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As has been the case for 30 years now, with the exception of 2020 when it was canceled because of the COVID outbreak, the jewelry world will descend on Las Vegas next month for the JCK Show. And in contrast to 2021, which was a subdued affair attended mainly by Americans, expectations are high that this year things will return almost to normal.

Once again, the show will be taking place at where it all began in 1992, the Venetian Expo, although it then was known as the Sands Expo. But in contrast to years gone by, when it began during the final week of March, this year it will kick off on Friday, June 10, and run for four days.

JCK’s sister show, Luxury, will begin on June 8 to invited guests and to all JCK attendees on June 10, and, after a brief hiatus, the AGTA will return to the JCK venue, although it will begin a day earlier that the main event, on June 9.

There undoubtedly will be a feeling of déjà vu, but the impact of current events will be clearly apparent. The number of exhibitors visitors from China and Hong Kong will be sharply down, as a result of the Chinese zero-COVID strategy, which severely has restricted travel to and from the country. Furthermore, the ongoing war in Ukraine and the resulting sanction imposed against Russia means that Russian companies and products will not be present.

The show will reflect changing circumstances, but they are not all bad. The growing role of digital trading will be reflected, with an NFT gallery in Luxury, where a featured artist, Rozes, has made digital artwork for the show. The traditional JCK keynote event on the Friday morning will focus on the metaverse, Web3 and what digital innovation will mean for jewelry retailers.

The Venetian, site of the 2022 JCK Show.


The JCK Show is often regarded as a bell weather for the U.S. market, and many will be watching closely for signs of a long-anticipated slowdown. To date, they are far and few between.

According to data released by Mastercard SpendingPulse, jewelry sales in the United States in April 2022 rose by a substantial 33.3 percent over the same month last year, and that comes on the heels of an 11.9 percent rise in March, when compared to March 2021.

Mastercard SpendingPulse data also show U.S. jewelry sales in April 2022 were also up 51 percent over sales in April 2019, which pre-dates the pandemic, clearly indicating the strength of jewelry in the American market – and this was further underscored by the fact that the growth of jewelry category was considerably higher than the 7.2 percent rise in overall U.S. retail sales, and also higher than the 26 percent gain in sales of luxury goods excluding jewelry.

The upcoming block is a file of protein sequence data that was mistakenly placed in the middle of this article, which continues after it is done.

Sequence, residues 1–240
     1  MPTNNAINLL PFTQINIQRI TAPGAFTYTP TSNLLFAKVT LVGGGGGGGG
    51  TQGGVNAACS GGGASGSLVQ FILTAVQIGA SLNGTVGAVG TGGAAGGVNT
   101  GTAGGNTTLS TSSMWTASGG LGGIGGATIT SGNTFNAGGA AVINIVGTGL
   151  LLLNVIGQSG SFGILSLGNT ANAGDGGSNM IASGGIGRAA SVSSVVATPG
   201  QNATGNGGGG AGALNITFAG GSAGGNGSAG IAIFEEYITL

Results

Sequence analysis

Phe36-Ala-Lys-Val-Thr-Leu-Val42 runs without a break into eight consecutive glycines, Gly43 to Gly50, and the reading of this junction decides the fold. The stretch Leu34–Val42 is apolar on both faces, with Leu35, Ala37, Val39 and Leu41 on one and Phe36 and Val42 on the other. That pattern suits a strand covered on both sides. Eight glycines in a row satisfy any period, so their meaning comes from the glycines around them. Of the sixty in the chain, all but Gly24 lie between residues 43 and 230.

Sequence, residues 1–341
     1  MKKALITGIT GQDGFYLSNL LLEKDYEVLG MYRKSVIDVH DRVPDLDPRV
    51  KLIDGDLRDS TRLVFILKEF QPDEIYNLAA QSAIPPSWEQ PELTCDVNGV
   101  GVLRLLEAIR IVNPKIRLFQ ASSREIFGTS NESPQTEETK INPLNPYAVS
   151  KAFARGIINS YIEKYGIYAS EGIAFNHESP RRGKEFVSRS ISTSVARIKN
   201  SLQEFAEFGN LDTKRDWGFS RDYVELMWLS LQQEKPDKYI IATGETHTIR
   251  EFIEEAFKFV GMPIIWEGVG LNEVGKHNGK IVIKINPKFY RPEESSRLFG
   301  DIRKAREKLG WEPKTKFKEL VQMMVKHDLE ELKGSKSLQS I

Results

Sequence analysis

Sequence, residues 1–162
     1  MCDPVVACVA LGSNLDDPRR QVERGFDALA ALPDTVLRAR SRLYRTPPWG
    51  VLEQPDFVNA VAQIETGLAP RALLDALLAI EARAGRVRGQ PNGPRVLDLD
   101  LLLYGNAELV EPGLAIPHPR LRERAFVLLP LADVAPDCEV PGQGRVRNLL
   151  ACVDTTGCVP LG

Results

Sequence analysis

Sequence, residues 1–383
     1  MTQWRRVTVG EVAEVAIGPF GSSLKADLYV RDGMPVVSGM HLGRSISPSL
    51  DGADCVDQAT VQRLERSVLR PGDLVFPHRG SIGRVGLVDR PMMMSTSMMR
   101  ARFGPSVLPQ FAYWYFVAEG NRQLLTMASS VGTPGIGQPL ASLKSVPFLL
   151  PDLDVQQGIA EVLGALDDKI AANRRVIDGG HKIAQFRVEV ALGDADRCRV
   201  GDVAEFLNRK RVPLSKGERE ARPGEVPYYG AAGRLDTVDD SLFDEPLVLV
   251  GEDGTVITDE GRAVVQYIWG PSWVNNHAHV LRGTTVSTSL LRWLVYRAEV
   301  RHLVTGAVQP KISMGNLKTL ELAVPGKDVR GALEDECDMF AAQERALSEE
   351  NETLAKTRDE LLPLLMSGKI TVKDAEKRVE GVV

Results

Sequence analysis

The Mastercard SpendingPulse report also indicated that consumers were returning to brick-and-mortar stores, which saw a 10 percent rise in activity, while online sales fell nominally, although still were 92 percent higher than they had been before the onset of the COVID pandemic.


But despite the still positive data, there is general agreement that 2022 is unlikely to be a repeat of 2021.

To some degree, the more challenging market environment may be a side-effect of the relative advantage that was enjoyed by the jewelry sector through much of the COVID crisis, during which it experienced considerably less competition from its rivals that were harder hit by the health restrictions, like the travel, tourism and entertainment industries.

But there are other macroeconomic factors at play as well, including a sharp rise in the rate of inflation, and the consequent decision of the Federal Reserve to raise interest rates, after a prolonged period during which the prime rate was close to zero. Add to that supply chain problems and labor shortages, not to mention uncertainty about the impact of the war in Ukraine, and there are numerous reasons to practice caution during the coming months.

Speaking at the American Gem Society (AGS) Conclave in Oklahoma City at the end of April, Erich Jacobs, CEO of Jewelers Board of Trade (JBT), spoke of certain downward trends, among them fewer Google searches for jewelry and an increase in JBT collections.

“It’s too soon to tell,” Jacobs stated. “But it does seem like we’ve hit peak jewelry.”

But the jury is still out. The confidence of the industry about what will transpire over the second half of the year should be revealed in Las Vegas.